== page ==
I just announced the new Spring Boot 2 material, coming in REST With Spring:


1. Overview

Spring Boot makes it really easy to manage our database changes in an easy way. If we leave the default configuration, it’ll search for entities in our packages and create the respective tables automatically.

But sometimes we’ll need some finer grained control over the database alterations. That’s when we can use the data.sql and schema.sql files in Spring.

2. The data.sql File

Let’s also make the assumption here that we’re working with JPA – and define a simple Country entity in our project:

public class Country {

    @GeneratedValue(strategy = IDENTITY)
    private Integer id;
    @Column(nullable = false)
    private String name;


If we run our application, Spring Boot will create an empty table for us, but won’t populate it with anything.

An easy way to do this is to create a file named data.sql:

INSERT INTO country (name) VALUES ('India');
INSERT INTO country (name) VALUES ('Brazil');
INSERT INTO country (name) VALUES ('USA');
INSERT INTO country (name) VALUES ('Italy');

When we run the project with this file on the classpath, Spring will pick it up and use it for populating the database.

3. The schema.sql File

Sometimes, we don’t want to rely on the default schema creation mechanism. In such cases, we can create a custom schema.sql file:

CREATE TABLE country (
    name VARCHAR(128) NOT NULL,
    PRIMARY KEY (id)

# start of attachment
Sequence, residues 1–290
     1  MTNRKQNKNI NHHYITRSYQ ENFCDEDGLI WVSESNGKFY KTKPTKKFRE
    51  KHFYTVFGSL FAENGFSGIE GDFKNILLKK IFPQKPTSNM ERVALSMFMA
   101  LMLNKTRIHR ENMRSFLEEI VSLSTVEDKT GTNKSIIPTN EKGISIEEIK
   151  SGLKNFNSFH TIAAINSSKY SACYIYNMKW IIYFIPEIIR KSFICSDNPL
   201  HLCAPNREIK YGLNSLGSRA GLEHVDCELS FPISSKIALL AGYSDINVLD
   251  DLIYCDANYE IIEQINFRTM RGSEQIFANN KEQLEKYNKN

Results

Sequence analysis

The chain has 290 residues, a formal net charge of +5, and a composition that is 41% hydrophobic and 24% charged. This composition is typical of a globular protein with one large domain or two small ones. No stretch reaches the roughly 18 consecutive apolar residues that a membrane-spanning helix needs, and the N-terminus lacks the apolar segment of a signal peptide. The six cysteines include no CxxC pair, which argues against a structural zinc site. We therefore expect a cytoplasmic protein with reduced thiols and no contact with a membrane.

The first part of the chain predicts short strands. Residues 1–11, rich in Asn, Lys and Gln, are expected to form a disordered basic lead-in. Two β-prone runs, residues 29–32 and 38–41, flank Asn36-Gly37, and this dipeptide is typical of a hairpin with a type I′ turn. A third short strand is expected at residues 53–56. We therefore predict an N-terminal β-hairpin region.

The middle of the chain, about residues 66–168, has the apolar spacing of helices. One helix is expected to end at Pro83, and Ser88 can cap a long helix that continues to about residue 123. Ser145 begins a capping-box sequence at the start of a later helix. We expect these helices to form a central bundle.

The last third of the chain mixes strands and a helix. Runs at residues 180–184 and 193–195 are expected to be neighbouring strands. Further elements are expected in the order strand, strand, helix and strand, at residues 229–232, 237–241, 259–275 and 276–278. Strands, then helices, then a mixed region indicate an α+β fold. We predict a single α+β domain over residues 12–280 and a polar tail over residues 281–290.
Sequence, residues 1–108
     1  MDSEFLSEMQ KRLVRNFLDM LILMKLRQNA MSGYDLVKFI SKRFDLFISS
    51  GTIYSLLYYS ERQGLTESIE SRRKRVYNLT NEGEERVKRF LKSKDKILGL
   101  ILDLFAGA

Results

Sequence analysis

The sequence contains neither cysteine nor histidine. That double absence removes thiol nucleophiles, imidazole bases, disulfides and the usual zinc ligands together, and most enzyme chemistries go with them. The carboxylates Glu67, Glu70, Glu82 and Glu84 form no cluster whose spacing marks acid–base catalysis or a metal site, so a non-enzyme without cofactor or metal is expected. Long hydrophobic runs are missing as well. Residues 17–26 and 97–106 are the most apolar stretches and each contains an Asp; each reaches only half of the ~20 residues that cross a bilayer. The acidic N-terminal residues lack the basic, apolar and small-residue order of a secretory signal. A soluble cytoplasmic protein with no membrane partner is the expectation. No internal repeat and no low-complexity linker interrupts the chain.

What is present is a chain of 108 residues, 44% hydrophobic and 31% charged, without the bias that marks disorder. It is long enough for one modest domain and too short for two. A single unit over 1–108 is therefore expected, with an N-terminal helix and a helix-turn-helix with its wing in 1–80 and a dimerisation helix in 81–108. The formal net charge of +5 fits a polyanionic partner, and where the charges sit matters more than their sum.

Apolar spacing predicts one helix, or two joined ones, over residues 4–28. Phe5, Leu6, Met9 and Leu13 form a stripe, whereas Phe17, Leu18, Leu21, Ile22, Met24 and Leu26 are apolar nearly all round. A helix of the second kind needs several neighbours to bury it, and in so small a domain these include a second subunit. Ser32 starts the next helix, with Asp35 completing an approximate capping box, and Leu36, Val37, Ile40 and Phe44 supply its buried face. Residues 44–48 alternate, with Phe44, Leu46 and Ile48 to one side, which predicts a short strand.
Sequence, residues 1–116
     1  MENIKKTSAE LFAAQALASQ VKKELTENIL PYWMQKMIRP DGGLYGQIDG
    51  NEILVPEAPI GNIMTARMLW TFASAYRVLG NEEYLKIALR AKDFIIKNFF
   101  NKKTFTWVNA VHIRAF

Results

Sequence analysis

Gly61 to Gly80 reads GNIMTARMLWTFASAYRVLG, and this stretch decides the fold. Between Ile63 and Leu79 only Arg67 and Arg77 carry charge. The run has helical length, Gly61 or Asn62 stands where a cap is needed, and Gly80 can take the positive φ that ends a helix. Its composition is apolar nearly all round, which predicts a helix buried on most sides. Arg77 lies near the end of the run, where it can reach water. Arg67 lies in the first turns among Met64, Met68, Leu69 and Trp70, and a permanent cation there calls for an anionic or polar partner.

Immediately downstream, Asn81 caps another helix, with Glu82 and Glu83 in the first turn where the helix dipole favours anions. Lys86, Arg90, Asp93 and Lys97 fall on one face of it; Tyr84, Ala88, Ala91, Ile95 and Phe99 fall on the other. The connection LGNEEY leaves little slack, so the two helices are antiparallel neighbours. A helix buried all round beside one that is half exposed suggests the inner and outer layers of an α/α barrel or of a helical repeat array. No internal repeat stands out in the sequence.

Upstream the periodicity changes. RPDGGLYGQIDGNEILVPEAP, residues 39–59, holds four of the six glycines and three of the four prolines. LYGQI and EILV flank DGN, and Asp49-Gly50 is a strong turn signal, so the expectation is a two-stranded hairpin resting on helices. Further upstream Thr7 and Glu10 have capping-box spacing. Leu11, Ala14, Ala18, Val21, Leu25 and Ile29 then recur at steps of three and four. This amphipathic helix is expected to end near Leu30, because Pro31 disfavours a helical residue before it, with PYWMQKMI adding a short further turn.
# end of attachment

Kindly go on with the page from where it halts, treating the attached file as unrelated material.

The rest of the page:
Spring will pick this file up and use it for creating a schema.

It’s also important to remember to turn off automatic schema creation to avoid conflicts:


4. Controlling Database Creation Using Hibernate

Spring provides a JPA-specific property which Hibernate uses for DDL generation: spring.jpa.hibernate.ddl-auto.

The standard Hibernate property values are: create, update, create-drop, validate and none:

  • create – Hibernate first drops existing tables, then creates new tables
  • update – the object model created based on the mappings (annotations or XML) is compared with the existing schema, and then Hibernate updates the schema according to the diff. It never deletes the existing tables or columns even if they are no more required by the application
  • create-drop – similar to create, with the addition that Hibernate will drop the database after all operations are completed. Typically used for unit testing
  • validate – Hibernate only validates whether the tables and columns exist, otherwise it throws an exception
  • none – this value effectively turns off the DDL generation

Spring Boot internally defaults this parameter value to create-drop if no schema manager has been detected, otherwise none for all other cases.

We have to set the value carefully or use one of the other mechanisms to initialize the database.

5. Conclusion

In this quick article, we saw how we can leverage schema.sql and data.sql files for setting up an initial schema and populating it with data.

Keep in mind that this approach is more suited for basic and simple scenarios, any advanced database handling would require more advanced and refined tooling like Liquibase or Flyway.

Code snippets, as always, can be found over on GitHub.

I just announced the new Spring Boot 2 material, coming in REST With Spring: